Helena Hildur W, installation with painting and prints at Konstnärshuset;
photo by Gert Germeraad
For my own participation in this exhibition, I brought painting #IV (still unfinished) as the central piece of an installation also comprising prints from Art Lab Gnesta’s risograph and a few items from the studio, along with an artist book with text and photographs from the project.
The book is available, in limited edition (30 copies in total); to order, please leave a note in the commentary field below.
Full text – in Swedish, although with an English abstract – can also be found here:
Om varseblivning av kvalitet i gestaltande processer: del 1, en individuell process.
The exhibition at Konstnärshuset is finished. For you who missed it, or couldn’t come – here’s to give you an idea of the rest of the exhibited works, along with links to full text papers (in Swedish):
Lena Oja: The management of a Cervical Spine/
Ridkonstens samtal: en vägbeskrivning (2012)
Auli Laitinen: In My Nature/I min natur (2012)
A Meal in Swedenborg’s Summer House/
En måltid i Swedenborgs lusthus (2012)
Antonie Frank: [WHITEWASH] (2012)
And a few more projects which come as artistic statements, with the verbal part yet unpublished:
Agnieszka Knap: What Could it Be?/Vad skulle det kunna vara?
Ivar Sviestins: The Human Face/Människans ansikte
(note that the left picture is an extreme zoom-in, focusing the eye of a portrayed person – who is, in his turn, watching the photographer)
Roland Ljungberg: The Place/Platsen – artist book (2013)
PhD Roland Ljungberg is – together with Emma Göransson – the developer and leader of the course Artistic Research Processes. His dissertation (“En resa från det ordlösa”) is a personal mapping of the artist’s professional skills and knowledge.
All photos by HHW.
Exhibition Konstnärliga Forskningsprocesser at Konstnärshuset;
all photos by Gert Germeraad
Today is the last day for the exhibition Konstnärliga Forskningsprocesser at Konstnärshuset, Smålandsgatan 7 (Stockholm). Opening hours 12 – 18!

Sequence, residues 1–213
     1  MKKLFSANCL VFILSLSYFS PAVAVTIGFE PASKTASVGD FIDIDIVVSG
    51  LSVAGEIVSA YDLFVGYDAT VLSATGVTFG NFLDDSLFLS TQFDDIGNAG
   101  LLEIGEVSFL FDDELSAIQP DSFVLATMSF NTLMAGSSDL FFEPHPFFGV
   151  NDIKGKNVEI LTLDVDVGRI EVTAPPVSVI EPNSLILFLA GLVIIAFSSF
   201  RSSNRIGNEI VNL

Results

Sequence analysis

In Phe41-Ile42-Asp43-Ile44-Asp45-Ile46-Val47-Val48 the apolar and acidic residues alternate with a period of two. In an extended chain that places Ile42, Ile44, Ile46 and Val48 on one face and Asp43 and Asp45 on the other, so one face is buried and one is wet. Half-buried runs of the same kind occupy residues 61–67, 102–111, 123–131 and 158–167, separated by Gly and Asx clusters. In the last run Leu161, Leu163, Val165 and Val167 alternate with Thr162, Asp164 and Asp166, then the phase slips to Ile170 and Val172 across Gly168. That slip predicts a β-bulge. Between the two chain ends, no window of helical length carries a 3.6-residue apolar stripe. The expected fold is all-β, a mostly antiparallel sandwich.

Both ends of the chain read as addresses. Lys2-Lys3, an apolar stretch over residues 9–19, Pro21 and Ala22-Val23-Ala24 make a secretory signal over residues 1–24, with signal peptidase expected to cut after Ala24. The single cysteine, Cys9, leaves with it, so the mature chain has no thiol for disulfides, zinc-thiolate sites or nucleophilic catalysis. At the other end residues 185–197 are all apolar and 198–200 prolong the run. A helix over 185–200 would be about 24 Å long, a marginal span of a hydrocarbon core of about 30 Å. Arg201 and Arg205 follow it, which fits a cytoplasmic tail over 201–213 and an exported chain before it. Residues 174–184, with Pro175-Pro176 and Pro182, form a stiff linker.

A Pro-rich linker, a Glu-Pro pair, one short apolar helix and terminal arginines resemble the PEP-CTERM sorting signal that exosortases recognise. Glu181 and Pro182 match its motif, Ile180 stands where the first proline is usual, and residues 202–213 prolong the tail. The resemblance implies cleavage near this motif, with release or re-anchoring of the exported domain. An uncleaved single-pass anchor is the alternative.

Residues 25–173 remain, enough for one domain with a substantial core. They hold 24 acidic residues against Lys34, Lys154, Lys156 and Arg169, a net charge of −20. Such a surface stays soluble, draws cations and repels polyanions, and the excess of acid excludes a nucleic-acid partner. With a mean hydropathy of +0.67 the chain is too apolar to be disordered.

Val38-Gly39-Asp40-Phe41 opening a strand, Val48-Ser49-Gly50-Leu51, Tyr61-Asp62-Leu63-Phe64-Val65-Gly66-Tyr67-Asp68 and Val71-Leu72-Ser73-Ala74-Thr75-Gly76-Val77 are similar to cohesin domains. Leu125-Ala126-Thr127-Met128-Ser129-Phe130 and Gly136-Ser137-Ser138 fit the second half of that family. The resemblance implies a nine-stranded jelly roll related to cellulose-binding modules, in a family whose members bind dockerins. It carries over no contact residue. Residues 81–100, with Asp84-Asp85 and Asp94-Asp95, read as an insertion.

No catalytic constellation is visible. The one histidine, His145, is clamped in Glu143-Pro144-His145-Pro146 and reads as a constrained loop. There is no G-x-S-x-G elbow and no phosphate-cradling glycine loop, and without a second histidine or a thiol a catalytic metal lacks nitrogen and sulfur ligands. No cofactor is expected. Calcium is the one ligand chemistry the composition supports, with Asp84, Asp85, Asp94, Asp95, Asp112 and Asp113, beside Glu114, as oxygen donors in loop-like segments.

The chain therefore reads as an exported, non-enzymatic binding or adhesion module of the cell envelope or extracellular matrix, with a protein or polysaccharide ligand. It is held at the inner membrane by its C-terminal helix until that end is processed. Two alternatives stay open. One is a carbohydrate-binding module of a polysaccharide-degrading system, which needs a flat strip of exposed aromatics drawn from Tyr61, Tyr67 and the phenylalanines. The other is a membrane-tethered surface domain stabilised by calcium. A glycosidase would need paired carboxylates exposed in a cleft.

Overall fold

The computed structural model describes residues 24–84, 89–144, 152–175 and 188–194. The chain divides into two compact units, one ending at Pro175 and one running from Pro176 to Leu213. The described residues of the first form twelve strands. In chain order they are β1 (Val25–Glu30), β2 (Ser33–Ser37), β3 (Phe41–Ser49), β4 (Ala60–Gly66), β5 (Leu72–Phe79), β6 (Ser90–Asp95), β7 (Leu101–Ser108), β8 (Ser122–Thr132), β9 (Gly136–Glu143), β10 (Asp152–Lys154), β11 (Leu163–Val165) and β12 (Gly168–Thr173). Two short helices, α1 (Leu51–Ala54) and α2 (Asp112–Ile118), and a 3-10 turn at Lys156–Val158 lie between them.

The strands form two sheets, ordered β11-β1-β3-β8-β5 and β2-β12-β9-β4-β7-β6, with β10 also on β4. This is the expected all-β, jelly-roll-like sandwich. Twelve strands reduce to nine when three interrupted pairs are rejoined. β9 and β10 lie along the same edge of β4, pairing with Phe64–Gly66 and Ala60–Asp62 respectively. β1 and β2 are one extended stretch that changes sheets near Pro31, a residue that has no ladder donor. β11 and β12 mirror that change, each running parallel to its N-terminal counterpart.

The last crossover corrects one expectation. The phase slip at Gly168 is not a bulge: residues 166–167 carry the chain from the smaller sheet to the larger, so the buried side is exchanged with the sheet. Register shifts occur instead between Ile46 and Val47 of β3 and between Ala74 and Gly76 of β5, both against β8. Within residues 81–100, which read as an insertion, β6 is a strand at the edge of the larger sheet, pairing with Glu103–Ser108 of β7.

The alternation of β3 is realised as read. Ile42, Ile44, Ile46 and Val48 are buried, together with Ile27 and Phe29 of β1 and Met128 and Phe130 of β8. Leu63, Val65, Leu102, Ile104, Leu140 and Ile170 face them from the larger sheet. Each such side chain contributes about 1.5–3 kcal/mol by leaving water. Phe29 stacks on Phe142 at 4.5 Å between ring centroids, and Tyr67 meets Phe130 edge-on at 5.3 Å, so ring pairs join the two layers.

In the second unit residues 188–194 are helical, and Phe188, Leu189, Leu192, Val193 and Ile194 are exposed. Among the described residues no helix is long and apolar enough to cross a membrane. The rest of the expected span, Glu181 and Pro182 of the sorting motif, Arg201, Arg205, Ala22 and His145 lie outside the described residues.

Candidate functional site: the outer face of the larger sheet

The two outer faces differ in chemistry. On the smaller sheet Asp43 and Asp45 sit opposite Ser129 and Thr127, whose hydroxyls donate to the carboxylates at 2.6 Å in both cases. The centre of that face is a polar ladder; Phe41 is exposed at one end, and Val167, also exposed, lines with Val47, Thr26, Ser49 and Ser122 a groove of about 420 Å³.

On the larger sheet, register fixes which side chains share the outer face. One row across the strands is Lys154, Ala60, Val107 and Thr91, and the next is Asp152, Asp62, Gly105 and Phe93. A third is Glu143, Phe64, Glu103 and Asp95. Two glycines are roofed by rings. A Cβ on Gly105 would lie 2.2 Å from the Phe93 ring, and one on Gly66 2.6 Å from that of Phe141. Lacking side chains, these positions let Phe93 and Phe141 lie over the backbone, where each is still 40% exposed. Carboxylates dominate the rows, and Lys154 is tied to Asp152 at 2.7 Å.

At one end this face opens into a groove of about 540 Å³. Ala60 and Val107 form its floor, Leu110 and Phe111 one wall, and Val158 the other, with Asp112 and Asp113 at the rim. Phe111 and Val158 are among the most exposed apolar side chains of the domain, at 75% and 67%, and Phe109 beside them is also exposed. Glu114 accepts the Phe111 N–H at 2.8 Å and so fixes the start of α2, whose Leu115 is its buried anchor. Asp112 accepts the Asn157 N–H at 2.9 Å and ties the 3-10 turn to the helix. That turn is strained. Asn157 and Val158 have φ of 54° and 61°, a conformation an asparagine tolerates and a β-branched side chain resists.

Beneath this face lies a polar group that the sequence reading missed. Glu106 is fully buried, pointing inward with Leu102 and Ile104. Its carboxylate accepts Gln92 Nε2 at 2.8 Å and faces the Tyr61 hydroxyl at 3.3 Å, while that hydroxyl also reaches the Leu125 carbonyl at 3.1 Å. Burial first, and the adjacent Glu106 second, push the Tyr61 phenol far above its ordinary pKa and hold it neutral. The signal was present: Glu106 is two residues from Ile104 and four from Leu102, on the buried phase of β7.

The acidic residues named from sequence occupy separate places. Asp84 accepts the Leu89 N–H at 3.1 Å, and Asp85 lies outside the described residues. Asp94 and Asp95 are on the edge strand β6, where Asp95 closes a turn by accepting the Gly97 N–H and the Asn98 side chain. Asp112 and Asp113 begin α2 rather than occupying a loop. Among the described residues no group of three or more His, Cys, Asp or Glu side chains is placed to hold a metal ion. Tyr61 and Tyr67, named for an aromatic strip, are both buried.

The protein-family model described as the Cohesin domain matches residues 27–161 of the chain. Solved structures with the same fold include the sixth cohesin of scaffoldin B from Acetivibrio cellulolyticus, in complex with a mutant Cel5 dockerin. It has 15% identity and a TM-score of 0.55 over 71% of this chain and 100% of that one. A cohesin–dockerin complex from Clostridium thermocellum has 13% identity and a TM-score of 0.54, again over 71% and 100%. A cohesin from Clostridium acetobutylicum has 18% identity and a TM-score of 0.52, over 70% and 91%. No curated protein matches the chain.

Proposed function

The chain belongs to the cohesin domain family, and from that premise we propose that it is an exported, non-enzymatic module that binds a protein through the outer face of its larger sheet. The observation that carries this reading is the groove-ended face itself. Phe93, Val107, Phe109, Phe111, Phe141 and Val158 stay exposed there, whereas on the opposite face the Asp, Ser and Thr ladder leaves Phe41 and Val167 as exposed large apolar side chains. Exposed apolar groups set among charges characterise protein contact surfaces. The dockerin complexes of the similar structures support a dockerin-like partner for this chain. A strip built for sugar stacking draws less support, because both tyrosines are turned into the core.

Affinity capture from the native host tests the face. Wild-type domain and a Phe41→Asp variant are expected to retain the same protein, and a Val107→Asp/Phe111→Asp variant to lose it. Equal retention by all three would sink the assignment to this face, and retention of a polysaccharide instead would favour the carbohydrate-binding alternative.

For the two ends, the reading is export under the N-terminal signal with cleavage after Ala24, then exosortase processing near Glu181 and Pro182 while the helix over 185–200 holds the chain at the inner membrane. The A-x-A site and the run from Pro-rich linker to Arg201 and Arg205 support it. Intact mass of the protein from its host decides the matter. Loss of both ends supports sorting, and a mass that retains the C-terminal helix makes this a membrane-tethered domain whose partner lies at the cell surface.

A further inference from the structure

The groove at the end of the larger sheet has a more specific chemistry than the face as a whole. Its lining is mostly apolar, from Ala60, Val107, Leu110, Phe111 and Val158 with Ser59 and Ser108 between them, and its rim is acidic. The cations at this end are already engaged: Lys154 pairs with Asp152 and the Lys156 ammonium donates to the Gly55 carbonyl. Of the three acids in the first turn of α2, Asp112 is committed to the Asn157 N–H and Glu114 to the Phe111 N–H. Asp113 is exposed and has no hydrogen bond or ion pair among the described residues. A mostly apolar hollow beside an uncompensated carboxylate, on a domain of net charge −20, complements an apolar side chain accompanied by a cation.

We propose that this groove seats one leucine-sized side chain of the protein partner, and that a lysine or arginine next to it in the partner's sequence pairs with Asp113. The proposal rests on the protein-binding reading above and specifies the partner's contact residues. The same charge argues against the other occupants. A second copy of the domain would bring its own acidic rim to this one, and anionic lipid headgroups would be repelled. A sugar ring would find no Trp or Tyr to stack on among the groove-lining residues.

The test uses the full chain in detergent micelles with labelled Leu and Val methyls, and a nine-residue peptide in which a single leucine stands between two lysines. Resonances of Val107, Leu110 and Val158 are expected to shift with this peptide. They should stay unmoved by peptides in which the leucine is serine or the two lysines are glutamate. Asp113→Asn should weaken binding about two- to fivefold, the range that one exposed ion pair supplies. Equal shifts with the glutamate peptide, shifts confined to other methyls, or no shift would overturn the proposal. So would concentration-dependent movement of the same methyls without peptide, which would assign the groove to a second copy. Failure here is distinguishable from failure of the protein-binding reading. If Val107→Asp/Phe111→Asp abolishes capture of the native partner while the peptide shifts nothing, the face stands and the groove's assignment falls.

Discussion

These photos are credit to Gert Germeraad, whose own project combines abstract drawing with sculptural representations of French children lost in the Holocaust.
Ana Maria Almada touches on experiences of carnival and captivity, expressed in ritual performance.
Photographer Angelica Harms pictures the majority population’s view on Roma men and women begging in the streets of Stockholm.
Arne Widman and Magnus Carlén are the co-creators of The Symmetry of Being, an installation with several parts – among them a collection of chemical substances, photo portraits and a chair with a mounted plastic lung.
Emma Göransson’s artistic contribution comes as a Post Colonial Feminist Sami Kayak with an embroidered statement. Along with her work as an artist, Emma Göransson holds a PhD in archaeology and teaches at Konstfack Arts, Crafts and Design College (Stockholm).
For full text on each project, please click links!
(Gert Germeraad’s paper Rationality, Intuition and Emotion; Exploring an Artistic Process is written in English. For other papers, text is in Swedish.)
The booming interest for artistic research is, I think, a shift of focus from result to process. When ‘art’ – in some contexts – has become synonymous with ‘investment’… and in others, primarily an act of provocation… the processual aspect along with reflexivity, and the intention to make a positive contribution, is well communicated within the framework of artistic research.
Would you agree?
Exhibition open today and tomorrow, 12 – 18, at Konstnärshuset (House of Artists), Smålandsgatan 7, Stockholm.
For Swedish speakers, here’s a series of interviews on some of the projects and the idea of establishing an independent platform for artistic research; six short films made by Art Lab Gnesta and nigo produktion:
“Hör mer om ALG/R på Supermarket”
Seminar with presentation by Ivar Sviestins.
Foreground: sculptures from the series “French Children of the Holocaust” by Gert Germeraad.
The Symmetry of Being, Arne Widman and Magnus Carlén 2012
Konstnärshuset, Stockholm – a somewhat tattered gem of a building from 1899, housing two artists’ associations – is next stop. Here, the Konstfack course projects are represented in the traditional exhibition format, focusing less on process and more on artistic achievements. A seminar with artist talks and a lecture by artist and PhD Emma Göransson complements the exhibition.
The Management of a Cervical Spine, Lena Oja 2012 – 2013